Is defragmentation still necessary?

I can’t count how many older folks and certain syndicated radio hosts swear that defragging a hard drive will cure everything from viruses to world hunger. 

Back in the “old days” of 100 MEGAbyte hard drives, fragmentation was a serious problem that affected performance. However, with todays terabyte storage devices and up to 15,000 RPM speeds, and a very well-worn Windows operating system that was built to work with fragmented data, is regular defragmentation still necessary?

This question is related to three things, your operating system, file system and the physical medium (e.g. SSD).

In terms of operating system, Windows runs a scheduled task to defrag your file system once a week, so for end-users you shouldn’t ever need to defrag your disk.

The next variable is the file system itself. The old style FAT fragments much more quickly than NTFS due to differences in how NTFS allocates individual clusters and inodes, this is particularly noticeable for files which are written massively out of order, like torrent files for example, which download random pieces of the file out of order.

Multi-disk platters and inode “striping” allow multiple disks to be read simultaneously (modern file systems such as NTFS are optimized to do this) allows this to happen in parallel, reducing file-fragmentation reduces the number of seeks and high-density disks reduce spin-up time, but on modern SSDs when spin-up and seek time are almost zero - it probably doesn’t even matter if your files are splattered across the disk, other than making life easier for the hardware SSD cache if the fragments are less than an SSD cache page in size (which for NTFS and REFS they aren’t).

So in essence, the answer is no. You don’t need to defrag your hard-disk because on Vista and above it defrags itself, on NTFS and above it has relatively low fragmentation anyway, and on SSDs and above it probably wouldn’t even matter if it were fragmented.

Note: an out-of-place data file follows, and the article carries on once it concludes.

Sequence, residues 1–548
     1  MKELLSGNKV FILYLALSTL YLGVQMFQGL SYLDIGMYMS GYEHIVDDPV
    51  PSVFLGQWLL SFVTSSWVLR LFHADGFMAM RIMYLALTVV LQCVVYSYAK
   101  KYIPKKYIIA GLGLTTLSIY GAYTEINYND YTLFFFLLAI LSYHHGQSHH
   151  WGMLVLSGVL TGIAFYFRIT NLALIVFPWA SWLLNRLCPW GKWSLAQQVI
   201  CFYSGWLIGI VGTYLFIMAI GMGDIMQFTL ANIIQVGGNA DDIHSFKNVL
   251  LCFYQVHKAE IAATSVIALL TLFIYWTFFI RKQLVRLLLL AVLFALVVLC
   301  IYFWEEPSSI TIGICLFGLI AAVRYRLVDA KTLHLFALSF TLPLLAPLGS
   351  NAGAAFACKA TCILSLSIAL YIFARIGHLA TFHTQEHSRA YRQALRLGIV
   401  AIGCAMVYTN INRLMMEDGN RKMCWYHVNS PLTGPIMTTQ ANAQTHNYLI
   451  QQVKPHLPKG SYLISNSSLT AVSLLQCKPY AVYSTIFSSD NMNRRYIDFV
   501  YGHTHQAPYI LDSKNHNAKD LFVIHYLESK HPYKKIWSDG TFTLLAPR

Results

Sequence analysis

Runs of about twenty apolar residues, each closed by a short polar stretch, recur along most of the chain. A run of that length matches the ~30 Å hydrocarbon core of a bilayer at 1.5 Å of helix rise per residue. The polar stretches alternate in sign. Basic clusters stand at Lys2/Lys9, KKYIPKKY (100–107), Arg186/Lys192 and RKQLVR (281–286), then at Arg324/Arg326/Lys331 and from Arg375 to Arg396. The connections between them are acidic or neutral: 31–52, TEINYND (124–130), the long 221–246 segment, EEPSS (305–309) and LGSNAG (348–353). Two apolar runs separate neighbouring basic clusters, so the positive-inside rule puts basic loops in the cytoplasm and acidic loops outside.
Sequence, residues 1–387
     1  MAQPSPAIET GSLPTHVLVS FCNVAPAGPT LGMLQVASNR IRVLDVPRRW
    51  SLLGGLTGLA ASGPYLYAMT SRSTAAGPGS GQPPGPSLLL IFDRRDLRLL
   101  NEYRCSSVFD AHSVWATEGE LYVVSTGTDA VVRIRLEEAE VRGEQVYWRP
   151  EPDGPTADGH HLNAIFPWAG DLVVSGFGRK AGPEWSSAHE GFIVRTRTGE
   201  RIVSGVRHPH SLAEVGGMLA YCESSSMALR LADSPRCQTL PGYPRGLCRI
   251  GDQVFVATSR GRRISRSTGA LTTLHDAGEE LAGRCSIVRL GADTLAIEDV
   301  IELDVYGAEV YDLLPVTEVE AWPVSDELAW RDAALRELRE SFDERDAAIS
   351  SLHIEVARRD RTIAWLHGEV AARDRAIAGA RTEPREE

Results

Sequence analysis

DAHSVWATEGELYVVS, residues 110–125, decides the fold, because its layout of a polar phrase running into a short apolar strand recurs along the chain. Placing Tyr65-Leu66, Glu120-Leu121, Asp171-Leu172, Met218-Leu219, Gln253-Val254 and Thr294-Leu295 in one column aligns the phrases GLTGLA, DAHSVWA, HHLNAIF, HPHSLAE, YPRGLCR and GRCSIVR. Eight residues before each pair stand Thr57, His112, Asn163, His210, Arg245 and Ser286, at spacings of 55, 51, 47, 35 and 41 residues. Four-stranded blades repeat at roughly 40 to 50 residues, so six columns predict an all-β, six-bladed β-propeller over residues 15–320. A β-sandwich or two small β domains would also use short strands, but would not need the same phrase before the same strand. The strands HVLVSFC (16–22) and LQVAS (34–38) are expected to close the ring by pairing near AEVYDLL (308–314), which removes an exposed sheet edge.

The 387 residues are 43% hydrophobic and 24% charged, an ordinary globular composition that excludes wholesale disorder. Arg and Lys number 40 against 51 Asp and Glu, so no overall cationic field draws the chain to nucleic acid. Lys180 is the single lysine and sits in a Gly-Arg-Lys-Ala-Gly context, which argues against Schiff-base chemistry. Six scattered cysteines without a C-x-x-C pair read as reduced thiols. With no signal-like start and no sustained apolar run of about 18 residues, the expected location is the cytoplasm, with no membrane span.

Drive size and speed do not effect needing to defrag.  Track to track is the thing defragging helps the most, and so yes, you need to defrag.  Saying that, if you are just Joe Everybody, the built in Vista/W7 defragger is OK.  As someone else said, if you have V/W7, you ARE defragging all the time anyway, you just don’t know it.

If you are storing a lot of media on a drive, I’d get a real defragger like MyDefrag (it’s free), and create “zones” for the media.  Disable the built in one if you do.  All modern HDs can handle even the highest bitrate streams even on the inner tracks.  Once a month is fine with a good defragger.  (The V/W7 one runs daily, so that shows how good it is)

SSD’s only require a defragger if their garbage collectors (not TRIM) aren’t working.  (only 1st gen SSDs should need it, though leaving you machine on at the BIOS screen overnight, with the newer ones, about once a month will help them)

(BTW, I did 2 things to a free laptop someone was going to junk.  Ran CCleaner on it, then ran MyDefrag.  After that, they thought the laptop was great)

No, it will not speed up your system 10 times, cure viruses or world hunger, but your machine will run better.  But, you may think you have a virus, because you machine slows down, but all it needs is a defrag.

I thought you weren’t supposed to defrag SSD drives, at all, because it decreases their read/write life.

Hi yes that is true it will do more damage to a ssd than help it. You will notice if you have a SSD drive as a boot drive and use a mechanical drive for programs and storage, Windows 7 when you go to defrag and you choose Configure Schedule then Select disk’s the SSD drive will not be listed in the defrag screen, it is a known fact you do not defrag SSD drives. 

Only if the garbage collector doesn’t work well, which is what I said.  (first gen SSDs had very weak garbage collectors, which is why it’s easier to just run the defragger vs. waiting 3 or 4 days for the garbage collector to run the whole disk.)  I waited about 3 months (noticed the slowdown on writes) between defrags.

If the garbage collect is working, it does the defragging for you, but in a way that doesn’t hurt the SSD (much).  So, newer SSDs should not be defragged externally.